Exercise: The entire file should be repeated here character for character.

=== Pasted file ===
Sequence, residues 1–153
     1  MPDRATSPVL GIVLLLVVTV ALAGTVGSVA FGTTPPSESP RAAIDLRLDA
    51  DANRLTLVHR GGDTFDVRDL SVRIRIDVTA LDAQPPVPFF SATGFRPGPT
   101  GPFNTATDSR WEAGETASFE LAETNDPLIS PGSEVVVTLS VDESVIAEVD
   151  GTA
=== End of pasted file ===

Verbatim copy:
Sequence, residues 1–153
     1  MPDRATSPVL GIVLLLVVTV ALAGTVGSVA FGTTPPSESP RAAIDLRLDA
    51  DANRLTLVHR GGDTFDVRDL SVRIRIDVTA LDAQPPVPFF SATGFRPGPT
   101  GPFNTATDSR WEAGETASFE LAETNDPLIS PGSEVVVTLS VDESVIAEVD
   151  GTA